MS: Not at all. Not at all. You see how this policeman in New York shot this young man fifty rounds? Here’s a young kid going to his wedding, but because the policeman was afraid of him, he shot him. And how many bullets does it take to kill a man? So you just have to pray and be strong, and that’s what black people have been down through the years, from slavery time. We depend on our strength, and we’re God-fearing. We depend on our prayers. But we want our turn. And like I say, Dr. King put us in a better place. Dr. King made it possible for black people in the South to vote, even. They couldn’t even vote in the ‘50s. He had all of the signs taken down off of washrooms and water fountains. We could stay in the white hotels down in the South. We could go in the restaurants there. My sisters and I, we started singing in 1950, and when we made our first record, “Uncloudy Day,” a gospel record, it sold like it was R&B. It took us out on the road when I was still in school. So I’ve seen it a long time. My father prepared us for the South. My sister Yvonne and I had been in the South when we were kids, seven and eight years old, but we weren’t in the presence of a lot of white people…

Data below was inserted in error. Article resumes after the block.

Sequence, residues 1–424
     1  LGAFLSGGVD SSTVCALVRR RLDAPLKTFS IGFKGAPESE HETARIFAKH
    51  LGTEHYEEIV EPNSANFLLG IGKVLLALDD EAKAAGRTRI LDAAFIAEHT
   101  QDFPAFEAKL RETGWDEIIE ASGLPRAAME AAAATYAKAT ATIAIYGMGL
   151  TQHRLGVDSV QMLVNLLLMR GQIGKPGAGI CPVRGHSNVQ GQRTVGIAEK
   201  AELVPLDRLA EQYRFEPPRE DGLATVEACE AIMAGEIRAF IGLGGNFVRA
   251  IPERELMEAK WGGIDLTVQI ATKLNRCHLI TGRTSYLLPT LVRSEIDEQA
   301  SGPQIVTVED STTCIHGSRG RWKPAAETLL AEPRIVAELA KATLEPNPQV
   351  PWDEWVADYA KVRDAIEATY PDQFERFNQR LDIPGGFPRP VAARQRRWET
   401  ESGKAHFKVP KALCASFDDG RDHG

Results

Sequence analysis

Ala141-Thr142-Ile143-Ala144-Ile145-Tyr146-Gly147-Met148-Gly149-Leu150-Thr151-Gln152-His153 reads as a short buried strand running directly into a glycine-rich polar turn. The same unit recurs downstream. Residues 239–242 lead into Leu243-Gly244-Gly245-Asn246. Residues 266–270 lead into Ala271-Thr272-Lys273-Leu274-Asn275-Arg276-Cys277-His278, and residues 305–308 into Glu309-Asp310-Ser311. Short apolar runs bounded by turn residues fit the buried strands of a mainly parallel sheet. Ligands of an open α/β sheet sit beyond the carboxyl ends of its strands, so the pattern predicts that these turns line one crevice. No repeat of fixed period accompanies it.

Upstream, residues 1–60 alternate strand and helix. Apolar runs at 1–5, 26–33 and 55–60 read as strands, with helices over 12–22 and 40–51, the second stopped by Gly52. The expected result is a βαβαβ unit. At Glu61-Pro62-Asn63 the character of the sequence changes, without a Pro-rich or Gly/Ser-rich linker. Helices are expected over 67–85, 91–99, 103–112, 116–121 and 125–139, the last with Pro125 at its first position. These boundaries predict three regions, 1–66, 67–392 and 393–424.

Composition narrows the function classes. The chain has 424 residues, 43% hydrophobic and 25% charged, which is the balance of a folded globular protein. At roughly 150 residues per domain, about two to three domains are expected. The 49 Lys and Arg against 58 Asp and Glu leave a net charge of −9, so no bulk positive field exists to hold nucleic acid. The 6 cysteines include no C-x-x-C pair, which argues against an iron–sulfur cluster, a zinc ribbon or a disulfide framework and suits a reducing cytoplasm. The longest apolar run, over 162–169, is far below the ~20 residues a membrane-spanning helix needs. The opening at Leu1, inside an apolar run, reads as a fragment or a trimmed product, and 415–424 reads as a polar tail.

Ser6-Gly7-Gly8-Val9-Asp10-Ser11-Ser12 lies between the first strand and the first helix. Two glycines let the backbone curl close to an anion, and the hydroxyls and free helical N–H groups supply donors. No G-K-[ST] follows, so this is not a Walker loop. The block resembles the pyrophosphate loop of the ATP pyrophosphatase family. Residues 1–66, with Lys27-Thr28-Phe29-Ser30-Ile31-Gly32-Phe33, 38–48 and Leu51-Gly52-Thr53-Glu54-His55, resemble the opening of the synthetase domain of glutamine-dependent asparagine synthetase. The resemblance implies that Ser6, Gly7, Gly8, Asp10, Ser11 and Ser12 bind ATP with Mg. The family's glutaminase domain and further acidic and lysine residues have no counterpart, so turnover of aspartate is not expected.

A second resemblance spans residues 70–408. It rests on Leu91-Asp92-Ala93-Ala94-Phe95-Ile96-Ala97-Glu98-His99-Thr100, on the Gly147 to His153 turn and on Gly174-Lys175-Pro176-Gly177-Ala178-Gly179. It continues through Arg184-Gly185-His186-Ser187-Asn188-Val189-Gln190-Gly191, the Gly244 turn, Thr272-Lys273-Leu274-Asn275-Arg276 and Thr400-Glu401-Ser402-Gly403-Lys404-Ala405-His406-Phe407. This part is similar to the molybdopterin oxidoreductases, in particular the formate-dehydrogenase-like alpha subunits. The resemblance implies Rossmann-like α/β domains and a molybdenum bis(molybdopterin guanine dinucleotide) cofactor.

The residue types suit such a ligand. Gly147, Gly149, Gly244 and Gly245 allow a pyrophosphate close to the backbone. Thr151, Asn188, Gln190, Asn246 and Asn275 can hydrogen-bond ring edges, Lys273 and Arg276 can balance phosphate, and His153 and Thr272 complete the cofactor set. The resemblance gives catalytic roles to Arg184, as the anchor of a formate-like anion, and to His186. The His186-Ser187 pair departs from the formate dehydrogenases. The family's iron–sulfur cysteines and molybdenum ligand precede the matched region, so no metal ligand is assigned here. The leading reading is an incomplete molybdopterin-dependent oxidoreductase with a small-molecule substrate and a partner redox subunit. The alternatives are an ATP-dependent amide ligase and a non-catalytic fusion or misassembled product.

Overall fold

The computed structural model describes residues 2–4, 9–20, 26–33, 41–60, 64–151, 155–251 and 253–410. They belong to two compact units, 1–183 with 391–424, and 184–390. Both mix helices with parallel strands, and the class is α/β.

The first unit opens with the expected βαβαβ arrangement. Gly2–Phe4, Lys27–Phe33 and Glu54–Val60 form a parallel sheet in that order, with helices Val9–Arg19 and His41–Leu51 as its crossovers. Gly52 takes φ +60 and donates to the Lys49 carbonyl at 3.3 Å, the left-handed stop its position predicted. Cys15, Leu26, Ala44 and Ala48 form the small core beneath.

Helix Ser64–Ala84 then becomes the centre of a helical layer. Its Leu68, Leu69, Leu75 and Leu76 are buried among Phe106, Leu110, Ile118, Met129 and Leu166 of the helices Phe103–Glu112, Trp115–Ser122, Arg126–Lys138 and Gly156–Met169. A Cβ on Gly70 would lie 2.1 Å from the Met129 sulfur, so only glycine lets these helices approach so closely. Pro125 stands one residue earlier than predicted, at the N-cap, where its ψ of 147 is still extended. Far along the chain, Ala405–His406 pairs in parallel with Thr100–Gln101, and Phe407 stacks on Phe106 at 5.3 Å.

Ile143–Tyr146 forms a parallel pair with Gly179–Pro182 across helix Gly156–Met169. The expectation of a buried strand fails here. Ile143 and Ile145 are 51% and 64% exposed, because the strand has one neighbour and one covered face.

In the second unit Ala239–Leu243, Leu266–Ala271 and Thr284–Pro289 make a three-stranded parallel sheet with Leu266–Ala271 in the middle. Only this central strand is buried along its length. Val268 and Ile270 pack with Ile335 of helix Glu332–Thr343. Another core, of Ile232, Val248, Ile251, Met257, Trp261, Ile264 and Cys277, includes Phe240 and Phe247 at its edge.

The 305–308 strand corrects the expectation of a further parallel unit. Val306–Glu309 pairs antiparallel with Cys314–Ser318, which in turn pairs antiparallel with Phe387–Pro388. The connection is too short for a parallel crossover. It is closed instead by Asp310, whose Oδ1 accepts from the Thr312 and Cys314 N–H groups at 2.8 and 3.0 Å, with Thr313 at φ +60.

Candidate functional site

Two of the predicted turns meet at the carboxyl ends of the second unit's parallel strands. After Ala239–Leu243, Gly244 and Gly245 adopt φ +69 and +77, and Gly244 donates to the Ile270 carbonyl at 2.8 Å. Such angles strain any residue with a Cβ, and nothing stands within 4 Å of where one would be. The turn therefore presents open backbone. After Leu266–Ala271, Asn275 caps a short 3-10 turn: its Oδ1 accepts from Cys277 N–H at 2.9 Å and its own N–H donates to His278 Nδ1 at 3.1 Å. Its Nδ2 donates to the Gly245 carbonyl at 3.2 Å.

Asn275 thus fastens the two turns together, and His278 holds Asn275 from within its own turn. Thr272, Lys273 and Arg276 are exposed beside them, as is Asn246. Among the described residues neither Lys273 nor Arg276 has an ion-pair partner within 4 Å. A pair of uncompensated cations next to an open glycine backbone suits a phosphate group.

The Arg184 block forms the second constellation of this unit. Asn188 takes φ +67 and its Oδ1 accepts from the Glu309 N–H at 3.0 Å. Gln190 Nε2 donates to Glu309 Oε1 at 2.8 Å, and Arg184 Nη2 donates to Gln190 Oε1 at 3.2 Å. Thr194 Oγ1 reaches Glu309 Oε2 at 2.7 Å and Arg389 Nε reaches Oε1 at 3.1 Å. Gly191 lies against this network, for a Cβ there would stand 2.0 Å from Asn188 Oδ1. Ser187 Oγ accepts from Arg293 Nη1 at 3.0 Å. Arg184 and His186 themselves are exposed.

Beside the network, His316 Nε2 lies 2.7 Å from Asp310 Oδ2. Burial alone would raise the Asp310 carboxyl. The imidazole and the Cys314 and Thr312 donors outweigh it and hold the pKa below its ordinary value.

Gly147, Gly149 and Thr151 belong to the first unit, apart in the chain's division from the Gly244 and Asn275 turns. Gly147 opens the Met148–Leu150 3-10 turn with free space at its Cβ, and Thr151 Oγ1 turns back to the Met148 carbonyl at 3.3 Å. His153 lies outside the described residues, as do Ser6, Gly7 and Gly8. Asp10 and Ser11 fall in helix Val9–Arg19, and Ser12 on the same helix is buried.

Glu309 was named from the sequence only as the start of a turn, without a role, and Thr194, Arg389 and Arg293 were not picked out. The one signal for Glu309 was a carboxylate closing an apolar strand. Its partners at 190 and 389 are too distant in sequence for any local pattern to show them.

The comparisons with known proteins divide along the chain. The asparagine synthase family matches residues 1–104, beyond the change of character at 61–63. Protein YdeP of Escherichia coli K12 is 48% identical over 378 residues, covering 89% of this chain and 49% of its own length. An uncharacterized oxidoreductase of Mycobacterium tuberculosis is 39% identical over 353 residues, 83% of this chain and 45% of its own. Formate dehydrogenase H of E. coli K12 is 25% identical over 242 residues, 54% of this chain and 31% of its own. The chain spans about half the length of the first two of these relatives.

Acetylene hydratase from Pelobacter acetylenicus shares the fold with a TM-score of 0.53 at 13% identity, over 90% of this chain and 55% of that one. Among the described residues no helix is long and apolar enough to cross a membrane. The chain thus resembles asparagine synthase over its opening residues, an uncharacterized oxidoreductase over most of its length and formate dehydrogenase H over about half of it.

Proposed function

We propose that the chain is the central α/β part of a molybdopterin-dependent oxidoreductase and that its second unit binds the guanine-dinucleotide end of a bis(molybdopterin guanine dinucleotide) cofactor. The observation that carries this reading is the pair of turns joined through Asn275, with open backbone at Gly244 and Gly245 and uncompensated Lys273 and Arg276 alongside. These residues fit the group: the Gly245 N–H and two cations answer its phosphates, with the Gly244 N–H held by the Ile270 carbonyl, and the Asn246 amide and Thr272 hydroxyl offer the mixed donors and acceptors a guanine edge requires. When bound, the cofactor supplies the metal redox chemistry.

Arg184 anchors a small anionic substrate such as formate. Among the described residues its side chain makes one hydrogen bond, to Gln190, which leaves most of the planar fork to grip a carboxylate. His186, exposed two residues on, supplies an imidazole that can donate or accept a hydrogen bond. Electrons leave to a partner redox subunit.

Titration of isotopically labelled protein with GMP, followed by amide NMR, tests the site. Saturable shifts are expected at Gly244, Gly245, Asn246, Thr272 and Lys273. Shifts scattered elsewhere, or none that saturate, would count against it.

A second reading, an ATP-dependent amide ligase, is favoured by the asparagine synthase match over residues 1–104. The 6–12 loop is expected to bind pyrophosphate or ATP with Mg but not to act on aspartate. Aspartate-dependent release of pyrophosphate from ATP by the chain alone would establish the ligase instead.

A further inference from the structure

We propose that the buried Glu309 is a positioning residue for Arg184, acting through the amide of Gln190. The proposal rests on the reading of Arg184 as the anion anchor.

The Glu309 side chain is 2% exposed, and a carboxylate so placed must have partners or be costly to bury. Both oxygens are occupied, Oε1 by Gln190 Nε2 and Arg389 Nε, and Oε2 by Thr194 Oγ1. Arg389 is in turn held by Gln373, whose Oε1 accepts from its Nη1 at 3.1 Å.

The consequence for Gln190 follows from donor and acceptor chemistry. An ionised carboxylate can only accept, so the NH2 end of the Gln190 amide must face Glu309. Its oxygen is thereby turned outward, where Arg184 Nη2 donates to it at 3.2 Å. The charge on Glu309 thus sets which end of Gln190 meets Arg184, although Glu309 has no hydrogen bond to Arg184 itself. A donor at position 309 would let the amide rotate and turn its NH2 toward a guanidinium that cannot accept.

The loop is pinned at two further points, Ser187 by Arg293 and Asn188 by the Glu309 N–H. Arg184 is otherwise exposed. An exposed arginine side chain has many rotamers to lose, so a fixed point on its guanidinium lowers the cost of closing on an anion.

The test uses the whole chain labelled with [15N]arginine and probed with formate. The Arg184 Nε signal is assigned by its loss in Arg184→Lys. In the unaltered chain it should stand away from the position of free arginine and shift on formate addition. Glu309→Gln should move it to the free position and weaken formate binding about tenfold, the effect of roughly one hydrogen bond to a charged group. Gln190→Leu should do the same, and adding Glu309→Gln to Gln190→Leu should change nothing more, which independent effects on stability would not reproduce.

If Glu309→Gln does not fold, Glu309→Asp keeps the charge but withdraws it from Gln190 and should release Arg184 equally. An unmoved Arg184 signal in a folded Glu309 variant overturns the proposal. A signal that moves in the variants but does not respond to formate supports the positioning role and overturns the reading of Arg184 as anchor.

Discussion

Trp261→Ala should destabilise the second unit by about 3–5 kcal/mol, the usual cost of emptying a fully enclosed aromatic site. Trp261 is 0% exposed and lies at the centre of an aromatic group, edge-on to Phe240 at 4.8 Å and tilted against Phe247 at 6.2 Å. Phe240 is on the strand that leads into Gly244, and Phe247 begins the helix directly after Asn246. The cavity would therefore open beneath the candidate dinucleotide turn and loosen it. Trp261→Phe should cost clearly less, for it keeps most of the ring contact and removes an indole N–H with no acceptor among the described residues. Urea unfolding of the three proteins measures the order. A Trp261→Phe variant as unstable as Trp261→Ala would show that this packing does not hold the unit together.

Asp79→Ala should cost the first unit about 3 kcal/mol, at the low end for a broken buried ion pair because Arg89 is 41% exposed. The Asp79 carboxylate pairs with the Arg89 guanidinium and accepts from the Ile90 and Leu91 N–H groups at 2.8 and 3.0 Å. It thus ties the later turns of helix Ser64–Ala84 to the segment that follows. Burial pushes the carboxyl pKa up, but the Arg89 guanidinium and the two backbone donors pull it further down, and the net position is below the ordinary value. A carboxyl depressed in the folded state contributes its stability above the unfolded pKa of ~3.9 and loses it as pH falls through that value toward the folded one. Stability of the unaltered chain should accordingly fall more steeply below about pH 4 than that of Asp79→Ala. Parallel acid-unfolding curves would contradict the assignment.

WW: So he prepared you for a lot of the racism he knew you were going to face?

MS: Oh yes, he prepared us. Pops would tell us, “If you go into town, don’t y’all start nothing.” But then he’d tell us, “Don’t take nothing, either.” We would go into town, and in Jackson, Mississippi, we saw some beautiful shoes at a shoe store. The biggest store in Jackson, the most expensive shoes in the window. We went in and asked for the three sizes, because we wanted to use these shoes on stage. And the lady had all three sizes, so we said, “Oh, we’d better try them on.” And she said, “Wait, hon. If you want to try them on, you’ve got to go over behind that curtain.” And here was an old, raggedy curtain that we were to go behind to try on these shoes…

WW: Were they afraid that a white person wouldn’t want to try on shoes after a black person had?